Supreme Court Rules That Lanham Act’s Prohibition On “Immoral Or Scandalous” Trademarks Is Unconstitutional

Iancu v. Brunetti, No. 18-302

Today, the Supreme Court held in a 6-3 decision that the Lanham Act’s prohibition of ”immoral or scandalous” trademarks violates the First Amendment to the Constitution.

Background: In Matal v. Tam, 137 S. Ct. 1744 (2017), the Supreme Court held that the Lanham Act’s ban on the registration by the U.S. Patent and Trademark Office (USPTO) of trademarks that “disparage” a person violates the First Amendment because that limitation necessarily discriminates on the basis of viewpoint. The question in this case is whether that holding also requires invalidation of the Lanham Act’s related provision barring registration of marks that are “immoral or scandalous.” Respondent Brunetti sought to register the trademark “FUCT” for his clothing, but the USPTO denied the registration under the immoral or scandalous proviso, finding the proposed mark to be unduly “vulgar” and “highly offensive.” On review, the Federal Circuit held this application of the Act to violate the Constitution.

Issue: Whether Section 2(a) of the Lanham Act’s prohibition on the federal registration of “immoral” or “scandalous” marks is facially invalid under the free speech clause of the First Amendment.

Court’s Holding: In an unusually short opinion written by Justice Kagan and joined in full by Justices Thomas, Ginsburg, Alito, Gorsuch, and Kavanaugh, the Supreme Court held that the prohibition of immoral and scandalous marks is unconstitutional. Looking to the dictionary definitions of “immoral” and “scandalous,” the Court held that the provision permits the registration of trademarks that accord with society’s sense of decency and propriety, but prohibits registration of marks that defy conventional standards of morality. And this distinction, the majority held, is impermissible: “[A] law disfavoring ‘ideas that offend’ discriminates based on viewpoint, in violation of the First Amendment.” In reaching this conclusion, the Court rejected the government’s proposed narrowing construction of the Act, which would have limited the challenged prohibition only to trademarks that are lewd or obscene; such a reading will not work, the Court explained, because “the statute says something markedly different.”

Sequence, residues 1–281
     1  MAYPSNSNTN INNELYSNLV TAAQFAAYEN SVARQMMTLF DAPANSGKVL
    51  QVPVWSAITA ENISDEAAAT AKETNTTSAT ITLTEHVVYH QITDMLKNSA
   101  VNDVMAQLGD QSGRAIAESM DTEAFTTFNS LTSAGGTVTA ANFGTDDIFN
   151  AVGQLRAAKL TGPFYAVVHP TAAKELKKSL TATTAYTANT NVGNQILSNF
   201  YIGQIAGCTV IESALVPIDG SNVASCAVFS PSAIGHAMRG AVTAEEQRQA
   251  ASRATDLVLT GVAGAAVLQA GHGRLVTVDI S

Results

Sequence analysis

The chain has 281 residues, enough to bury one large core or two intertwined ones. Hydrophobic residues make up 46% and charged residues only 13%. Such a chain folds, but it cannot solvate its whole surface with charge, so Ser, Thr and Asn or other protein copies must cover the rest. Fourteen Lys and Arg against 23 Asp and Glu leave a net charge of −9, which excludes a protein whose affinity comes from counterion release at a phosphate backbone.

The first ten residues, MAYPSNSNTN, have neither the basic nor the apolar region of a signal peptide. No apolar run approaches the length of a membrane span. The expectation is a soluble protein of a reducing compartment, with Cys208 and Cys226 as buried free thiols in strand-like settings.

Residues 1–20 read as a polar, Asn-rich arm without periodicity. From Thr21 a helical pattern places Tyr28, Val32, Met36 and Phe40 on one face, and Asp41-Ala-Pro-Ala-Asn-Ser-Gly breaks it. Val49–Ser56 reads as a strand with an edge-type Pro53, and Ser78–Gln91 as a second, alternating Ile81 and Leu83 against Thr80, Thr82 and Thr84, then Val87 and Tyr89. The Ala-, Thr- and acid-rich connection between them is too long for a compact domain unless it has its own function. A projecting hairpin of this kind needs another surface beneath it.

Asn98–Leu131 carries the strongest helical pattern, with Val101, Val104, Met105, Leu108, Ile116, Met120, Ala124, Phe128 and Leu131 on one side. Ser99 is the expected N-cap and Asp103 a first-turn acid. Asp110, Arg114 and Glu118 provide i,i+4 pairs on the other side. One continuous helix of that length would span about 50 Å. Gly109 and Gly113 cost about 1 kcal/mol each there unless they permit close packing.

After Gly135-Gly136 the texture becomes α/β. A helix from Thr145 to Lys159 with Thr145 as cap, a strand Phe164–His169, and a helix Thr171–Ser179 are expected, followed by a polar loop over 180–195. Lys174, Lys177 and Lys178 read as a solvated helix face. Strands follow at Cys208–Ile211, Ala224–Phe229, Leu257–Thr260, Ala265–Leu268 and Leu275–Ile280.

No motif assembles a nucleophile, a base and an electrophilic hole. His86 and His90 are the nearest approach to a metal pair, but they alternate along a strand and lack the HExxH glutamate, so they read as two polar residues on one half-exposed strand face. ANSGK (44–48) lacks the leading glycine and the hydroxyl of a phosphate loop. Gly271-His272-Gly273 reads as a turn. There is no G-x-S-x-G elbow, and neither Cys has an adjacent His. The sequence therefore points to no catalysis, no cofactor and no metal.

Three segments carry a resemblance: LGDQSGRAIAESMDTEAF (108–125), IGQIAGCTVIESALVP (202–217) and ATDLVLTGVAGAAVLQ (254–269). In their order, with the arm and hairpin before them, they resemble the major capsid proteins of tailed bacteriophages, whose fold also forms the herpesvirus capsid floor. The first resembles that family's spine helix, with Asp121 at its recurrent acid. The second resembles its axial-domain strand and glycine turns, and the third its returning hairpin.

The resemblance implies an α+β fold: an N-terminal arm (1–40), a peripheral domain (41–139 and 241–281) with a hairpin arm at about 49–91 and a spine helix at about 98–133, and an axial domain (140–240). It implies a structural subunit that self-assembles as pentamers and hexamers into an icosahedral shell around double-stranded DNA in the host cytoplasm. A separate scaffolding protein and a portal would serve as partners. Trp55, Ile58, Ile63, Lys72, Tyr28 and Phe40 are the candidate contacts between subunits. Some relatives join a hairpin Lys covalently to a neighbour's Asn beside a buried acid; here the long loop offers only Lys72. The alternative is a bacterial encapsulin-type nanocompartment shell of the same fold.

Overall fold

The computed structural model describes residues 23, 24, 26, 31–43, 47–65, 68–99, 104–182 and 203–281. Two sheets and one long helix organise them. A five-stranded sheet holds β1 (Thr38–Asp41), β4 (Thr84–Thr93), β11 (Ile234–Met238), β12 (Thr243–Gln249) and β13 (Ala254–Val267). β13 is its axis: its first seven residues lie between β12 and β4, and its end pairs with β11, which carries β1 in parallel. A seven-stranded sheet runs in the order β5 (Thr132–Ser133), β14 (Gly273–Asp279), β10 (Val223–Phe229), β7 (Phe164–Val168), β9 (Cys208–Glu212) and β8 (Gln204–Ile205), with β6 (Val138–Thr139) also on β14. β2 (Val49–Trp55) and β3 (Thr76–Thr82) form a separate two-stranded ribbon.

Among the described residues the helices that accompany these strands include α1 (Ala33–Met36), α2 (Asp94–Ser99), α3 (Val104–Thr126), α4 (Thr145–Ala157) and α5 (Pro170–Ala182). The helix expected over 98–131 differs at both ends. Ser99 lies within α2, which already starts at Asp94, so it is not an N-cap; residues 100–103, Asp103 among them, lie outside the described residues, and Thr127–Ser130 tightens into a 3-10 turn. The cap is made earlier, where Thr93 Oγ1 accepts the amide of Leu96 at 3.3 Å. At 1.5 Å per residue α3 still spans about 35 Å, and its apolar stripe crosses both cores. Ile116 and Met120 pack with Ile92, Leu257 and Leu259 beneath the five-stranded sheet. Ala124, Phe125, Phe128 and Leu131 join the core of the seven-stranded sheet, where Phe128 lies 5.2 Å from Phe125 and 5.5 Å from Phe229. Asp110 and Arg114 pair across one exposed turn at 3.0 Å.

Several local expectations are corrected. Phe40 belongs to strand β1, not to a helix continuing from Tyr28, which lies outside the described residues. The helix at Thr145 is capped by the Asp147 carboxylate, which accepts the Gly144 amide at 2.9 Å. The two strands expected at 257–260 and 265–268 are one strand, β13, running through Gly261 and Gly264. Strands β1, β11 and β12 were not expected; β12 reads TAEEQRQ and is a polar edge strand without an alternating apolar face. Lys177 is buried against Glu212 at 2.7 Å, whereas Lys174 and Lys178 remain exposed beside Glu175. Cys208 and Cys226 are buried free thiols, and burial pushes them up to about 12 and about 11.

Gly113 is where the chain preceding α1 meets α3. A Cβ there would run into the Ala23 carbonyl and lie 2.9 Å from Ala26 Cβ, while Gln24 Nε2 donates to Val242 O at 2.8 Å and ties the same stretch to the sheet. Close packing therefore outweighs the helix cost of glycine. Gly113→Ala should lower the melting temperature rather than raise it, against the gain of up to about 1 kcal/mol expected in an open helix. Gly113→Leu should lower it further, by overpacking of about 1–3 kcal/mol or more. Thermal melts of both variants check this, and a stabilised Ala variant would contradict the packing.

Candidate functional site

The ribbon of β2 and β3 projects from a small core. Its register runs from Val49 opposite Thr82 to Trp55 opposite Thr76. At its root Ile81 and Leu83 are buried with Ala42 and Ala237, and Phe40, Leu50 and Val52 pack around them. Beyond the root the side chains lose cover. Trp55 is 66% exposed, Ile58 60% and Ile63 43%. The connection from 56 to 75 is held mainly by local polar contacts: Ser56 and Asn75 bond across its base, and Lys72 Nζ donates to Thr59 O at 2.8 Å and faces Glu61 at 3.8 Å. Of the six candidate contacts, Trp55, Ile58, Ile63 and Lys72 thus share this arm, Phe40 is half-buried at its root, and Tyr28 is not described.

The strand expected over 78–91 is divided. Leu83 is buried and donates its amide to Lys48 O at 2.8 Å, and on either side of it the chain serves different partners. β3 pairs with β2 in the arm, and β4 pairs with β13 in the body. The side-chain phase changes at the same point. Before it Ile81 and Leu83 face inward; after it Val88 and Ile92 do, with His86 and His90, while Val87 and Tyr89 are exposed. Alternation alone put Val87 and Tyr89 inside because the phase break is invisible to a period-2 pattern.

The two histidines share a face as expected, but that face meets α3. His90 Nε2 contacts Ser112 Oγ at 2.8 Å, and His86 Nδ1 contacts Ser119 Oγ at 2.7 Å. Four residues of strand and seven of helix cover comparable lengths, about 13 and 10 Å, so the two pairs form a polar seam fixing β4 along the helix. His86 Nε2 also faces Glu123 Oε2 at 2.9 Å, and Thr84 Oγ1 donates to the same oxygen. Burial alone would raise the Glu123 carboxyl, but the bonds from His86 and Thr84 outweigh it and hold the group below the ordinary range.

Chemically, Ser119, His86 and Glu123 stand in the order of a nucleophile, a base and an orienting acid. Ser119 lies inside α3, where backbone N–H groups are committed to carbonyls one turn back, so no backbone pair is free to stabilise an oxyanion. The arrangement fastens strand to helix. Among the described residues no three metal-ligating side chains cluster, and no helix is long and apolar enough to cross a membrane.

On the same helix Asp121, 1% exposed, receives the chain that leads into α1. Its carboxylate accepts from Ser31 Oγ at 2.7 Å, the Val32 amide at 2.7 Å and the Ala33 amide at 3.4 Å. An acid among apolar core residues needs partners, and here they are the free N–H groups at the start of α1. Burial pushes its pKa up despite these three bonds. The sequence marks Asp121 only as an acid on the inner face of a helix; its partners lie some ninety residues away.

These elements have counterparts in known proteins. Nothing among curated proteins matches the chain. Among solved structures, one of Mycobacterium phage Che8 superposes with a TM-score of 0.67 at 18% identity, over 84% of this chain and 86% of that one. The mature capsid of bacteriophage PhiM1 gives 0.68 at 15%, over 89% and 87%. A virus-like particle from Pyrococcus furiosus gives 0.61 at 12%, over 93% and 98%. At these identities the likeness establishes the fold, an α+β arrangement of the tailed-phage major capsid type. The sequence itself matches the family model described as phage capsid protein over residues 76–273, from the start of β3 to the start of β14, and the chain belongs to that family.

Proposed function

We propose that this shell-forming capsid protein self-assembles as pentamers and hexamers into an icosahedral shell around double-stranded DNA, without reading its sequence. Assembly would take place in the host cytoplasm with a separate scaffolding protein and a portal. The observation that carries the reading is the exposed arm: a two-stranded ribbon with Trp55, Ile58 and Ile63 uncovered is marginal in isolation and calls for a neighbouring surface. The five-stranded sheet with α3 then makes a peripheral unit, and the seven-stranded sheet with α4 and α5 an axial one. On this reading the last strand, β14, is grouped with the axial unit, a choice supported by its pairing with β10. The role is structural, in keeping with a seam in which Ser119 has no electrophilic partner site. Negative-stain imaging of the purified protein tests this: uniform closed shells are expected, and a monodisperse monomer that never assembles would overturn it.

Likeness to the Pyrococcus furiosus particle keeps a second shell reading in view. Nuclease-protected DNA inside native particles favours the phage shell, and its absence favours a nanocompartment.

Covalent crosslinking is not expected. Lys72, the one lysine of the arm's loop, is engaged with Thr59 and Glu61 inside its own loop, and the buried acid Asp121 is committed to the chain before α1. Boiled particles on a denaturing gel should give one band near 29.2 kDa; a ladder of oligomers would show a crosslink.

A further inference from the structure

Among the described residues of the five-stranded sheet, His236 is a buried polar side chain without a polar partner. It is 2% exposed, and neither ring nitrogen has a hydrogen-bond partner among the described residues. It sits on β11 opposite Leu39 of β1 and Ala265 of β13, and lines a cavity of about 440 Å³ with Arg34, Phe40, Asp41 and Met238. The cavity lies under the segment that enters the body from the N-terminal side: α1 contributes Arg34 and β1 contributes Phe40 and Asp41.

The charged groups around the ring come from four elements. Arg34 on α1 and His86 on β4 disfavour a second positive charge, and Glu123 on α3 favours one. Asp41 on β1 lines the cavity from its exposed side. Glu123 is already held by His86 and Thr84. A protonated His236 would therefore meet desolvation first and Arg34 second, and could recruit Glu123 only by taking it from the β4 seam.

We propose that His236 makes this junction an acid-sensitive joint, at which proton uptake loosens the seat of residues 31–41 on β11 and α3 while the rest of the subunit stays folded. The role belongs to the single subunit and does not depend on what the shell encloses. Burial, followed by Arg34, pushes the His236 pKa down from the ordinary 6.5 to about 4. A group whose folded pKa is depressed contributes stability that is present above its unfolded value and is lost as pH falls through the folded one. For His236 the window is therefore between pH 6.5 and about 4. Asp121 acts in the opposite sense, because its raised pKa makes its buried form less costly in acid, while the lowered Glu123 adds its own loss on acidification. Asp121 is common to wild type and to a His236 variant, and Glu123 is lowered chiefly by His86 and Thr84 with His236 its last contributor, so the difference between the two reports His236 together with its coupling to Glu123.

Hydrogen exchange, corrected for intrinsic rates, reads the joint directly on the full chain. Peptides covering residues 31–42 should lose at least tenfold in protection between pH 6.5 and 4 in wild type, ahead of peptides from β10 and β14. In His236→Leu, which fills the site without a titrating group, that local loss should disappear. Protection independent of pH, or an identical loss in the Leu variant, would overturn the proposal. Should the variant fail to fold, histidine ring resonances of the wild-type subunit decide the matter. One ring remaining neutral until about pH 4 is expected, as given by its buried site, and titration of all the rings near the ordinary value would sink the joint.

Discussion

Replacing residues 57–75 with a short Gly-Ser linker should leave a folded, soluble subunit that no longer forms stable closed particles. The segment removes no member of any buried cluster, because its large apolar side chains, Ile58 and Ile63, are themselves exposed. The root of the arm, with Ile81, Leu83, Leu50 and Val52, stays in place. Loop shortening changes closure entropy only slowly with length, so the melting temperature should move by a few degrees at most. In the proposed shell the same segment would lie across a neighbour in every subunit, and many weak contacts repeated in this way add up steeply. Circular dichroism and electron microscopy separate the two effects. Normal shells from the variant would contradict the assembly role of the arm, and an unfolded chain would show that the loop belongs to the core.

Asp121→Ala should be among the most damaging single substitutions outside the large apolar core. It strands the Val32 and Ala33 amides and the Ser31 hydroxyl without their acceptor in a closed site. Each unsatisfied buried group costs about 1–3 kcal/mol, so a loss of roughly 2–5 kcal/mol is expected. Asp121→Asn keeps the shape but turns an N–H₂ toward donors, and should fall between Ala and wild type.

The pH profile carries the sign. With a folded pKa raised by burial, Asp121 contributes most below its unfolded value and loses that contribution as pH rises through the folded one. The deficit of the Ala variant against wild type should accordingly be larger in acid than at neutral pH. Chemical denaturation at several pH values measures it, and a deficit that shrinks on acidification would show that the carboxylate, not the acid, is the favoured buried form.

In separate opinions, Chief Justice Roberts and Justice Sotomayor, the latter joined by Justice Breyer, concurred in part and dissented in part. They agreed with the majority that the ban on “immoral” marks is not susceptible to a limiting construction and therefore constitutes invalid viewpoint discrimination, but would have held that the prohibition of scandalous marks could be read to reach only language that is obscene, vulgar, or profane, and that such a limit is consistent with the First Amendment.